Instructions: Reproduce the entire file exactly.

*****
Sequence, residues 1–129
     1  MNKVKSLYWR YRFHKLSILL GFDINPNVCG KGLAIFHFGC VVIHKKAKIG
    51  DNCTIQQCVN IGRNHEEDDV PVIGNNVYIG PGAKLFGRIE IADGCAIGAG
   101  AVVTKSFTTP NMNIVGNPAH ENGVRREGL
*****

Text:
Sequence, residues 1–129
     1  MNKVKSLYWR YRFHKLSILL GFDINPNVCG KGLAIFHFGC VVIHKKAKIG
    51  DNCTIQQCVN IGRNHEEDDV PVIGNNVYIG PGAKLFGRIE IADGCAIGAG
   101  AVVTKSFTTP NMNIVGNPAH ENGVRREGL